Like Belleville and Persepolis, Folman's film wound up with an Oscar nomination – though curiously not in the animation section, but for Best Foreign Film (suggesting that Hollywood insiders can't quite place a film as political as Waltz with Bashir alongside the likes of Kung Fu Panda). Even so, US productions are gradually waking up to the fact that animation isn't just for kids. Much of this is thanks to Richard Linklater, whose meditative Waking Life and drug-fuelled Philip K Dick adaptation A Scanner Darkly were both produced using "rotoscoping", where live-footage is "drawn" over and animated.
With Howl, Heavy Metal and The Goon (see sidebar) all in various stages of production, it seems Americans are finally ready to ditch Disney for something a little more substantial. Back in 2009, the Sundance Film Festival proved this by programming Adam Elliot's superlative claymation feature Mary and Max as its opening-night film. An Australian production – though with a voice cast that included US star Philip Seymour Hoffman – the honour accorded it by Sundance was partly due to the cachet Elliot already enjoyed in the States (his 2003 film Harvie Krumpet won an Oscar for Best Animated Short). Yet Mary and Max, which will open in the UK this autumn, takes things to a new level.
Based on Elliot's own communication with a US pen-friend that he's had for years, the film tells of the epistolary relationship between a neglected eight-year-old Australian girl named Mary (voiced by Toni Collette) and a grumpy 44-year-old New Yorker, Max (Hoffman), who has Asperger's syndrome. If the clay form makes you think of Britain's own Nick Park and the cosy world of Wallace and Gromit, think again. Mary and Max deals with alcoholism and suicide, illness and death, albeit underlined with a grim gallows humour.
Elliot admits he is worried his film may fall through the cracks and is uncertain how Mary and Max will fare. The film followed Sundance with an appearance at the Berlin Film Festival, in the Generations section for children – yet in truth it's not for that age bracket. "I don't think it's for little children," he says. "Probably teenagers will get something out of it. I don't know. We'll find out. It's going to be a hard film to sell. It's not a Shrek or a [Finding] Nemo. Yet it's not Waltz with Bashir or Persepolis either. It's somewhere in between. It's not a comedy. But it's not completely bleak and dark and tragic."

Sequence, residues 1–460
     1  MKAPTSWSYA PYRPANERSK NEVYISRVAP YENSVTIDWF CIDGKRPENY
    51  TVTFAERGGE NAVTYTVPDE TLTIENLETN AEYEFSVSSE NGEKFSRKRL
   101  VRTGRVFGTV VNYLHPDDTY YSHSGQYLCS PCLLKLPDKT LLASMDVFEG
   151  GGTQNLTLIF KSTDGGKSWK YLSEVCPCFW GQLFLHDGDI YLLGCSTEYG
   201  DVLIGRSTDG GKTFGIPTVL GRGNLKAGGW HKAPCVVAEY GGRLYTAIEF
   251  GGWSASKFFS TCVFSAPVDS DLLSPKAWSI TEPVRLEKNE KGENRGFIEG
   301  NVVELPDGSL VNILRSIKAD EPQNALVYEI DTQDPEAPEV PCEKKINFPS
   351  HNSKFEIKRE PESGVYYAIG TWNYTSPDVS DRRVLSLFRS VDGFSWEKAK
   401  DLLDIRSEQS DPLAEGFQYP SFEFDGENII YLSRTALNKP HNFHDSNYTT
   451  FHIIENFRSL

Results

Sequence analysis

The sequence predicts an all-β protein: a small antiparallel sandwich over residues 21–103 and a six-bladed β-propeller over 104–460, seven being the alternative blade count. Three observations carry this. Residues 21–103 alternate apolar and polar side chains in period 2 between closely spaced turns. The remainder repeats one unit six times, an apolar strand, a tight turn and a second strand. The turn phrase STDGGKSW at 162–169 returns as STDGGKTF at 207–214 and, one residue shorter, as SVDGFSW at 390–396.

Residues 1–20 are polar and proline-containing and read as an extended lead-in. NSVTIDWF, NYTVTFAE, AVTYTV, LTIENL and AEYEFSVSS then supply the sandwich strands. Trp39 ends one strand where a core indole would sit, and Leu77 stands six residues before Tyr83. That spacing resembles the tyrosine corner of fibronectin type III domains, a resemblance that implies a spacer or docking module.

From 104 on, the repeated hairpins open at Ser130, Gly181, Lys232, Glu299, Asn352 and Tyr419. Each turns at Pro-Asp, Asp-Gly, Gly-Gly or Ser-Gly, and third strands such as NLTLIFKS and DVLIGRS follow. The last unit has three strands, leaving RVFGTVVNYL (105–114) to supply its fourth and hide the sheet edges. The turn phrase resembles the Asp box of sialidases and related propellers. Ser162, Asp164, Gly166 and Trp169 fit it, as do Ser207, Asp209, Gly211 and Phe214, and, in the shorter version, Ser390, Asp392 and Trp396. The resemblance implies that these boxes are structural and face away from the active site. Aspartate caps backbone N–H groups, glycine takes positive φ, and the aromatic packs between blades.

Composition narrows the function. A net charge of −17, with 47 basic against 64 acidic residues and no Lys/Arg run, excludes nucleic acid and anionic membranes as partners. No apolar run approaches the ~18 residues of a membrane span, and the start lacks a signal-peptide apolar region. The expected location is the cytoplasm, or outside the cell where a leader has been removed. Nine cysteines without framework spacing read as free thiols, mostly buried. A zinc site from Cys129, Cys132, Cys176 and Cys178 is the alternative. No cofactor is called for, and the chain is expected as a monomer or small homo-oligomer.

Though Elliot has an American agent, he admits the sort of uncommercial material he wants to make is likely to alienate him from most studios. "They know that a film like Mary and Max won't make the money of a Shrek or a Nemo. So they're not that keen to get into bed with us," he says. Even so, Elliot hopes this current trend for adult animation continues. "I think they're needed. They're the antidote to all the other CGI stuff out there. Audiences do go and see them. They know about them. It's means it's not just a constant stream of formulaic family-friendly films. Animation is finally evolving."
'The Illusionist' opens on 20 August. 'Mary and Max' will be released in the autumn
Sex and surrealism: The next wave of adult animation
Opening Sundance earlier this year, Rob Epstein and Jeffrey Friedman's film about the obscenity trial surrounding Allen Ginsberg's infamous 1956 poem "Howl" blends live action with remarkable animation. Edited to a hypnotic reading of the poem, the surreal visuals perfectly illustrate the nightmarish intent of this Beat classic. As Epstein puts it, "The poem lives through the animation."
'The Rabbi's Cat'
First published in 2003, Joann Sfar's whimsical 1930s Algeria-set comic book series about a rabbi and his talking cat (which eats a parrot and insists on studying the Kabbalah) has sold 700,000 copies in France alone, and has been translated into 15 languages. Having just seen his live-action feature about Serge Gainsbourg hit cinemas in the UK, Sfar is now leading a 100-strong animation team adapting his script for the big screen.
Begun in 1977, the cult sci-fi/fantasy magazine defined by its dark blend of violence and erotica has already spawned two animated portmanteau films – the much-lauded 1981 original and the widely trashed 2000 sequel. Yet word has it that Fight Club 's David Fincher is trying to get a third off the ground – with such heavyweights as Avatar 's James Cameron and Watchmen 's Zack Synder all set to direct segments, in 3-D no less. Expect lashings of sex and gore.
Another Fincher project, and like Heavy Metal set to be animated at Blur Studios, The Goon is based on the paranormal Dark Horse comic-book series by Eric Powell. Based around a mob enforcer named The Goon (voiced by Clancy Brown, the lead guard in The Shawshank Redemption ) and his buddy Franky ( Sideways star Paul Giamatti), it deals with their misadventures in a monster-filled town. With aliens, mad scientists, skunk-apes and ghouls galore, Disney this ain't.
'Mary and Max'
Did Up begin a trend for age-gap alliances? Adam Elliot's latest takes it to another level, as an eight-year-old girl with an alcoholic mother and an obese 44-year-old prone to anxiety attacks become pen pals (see main feature for more details). JMReuse content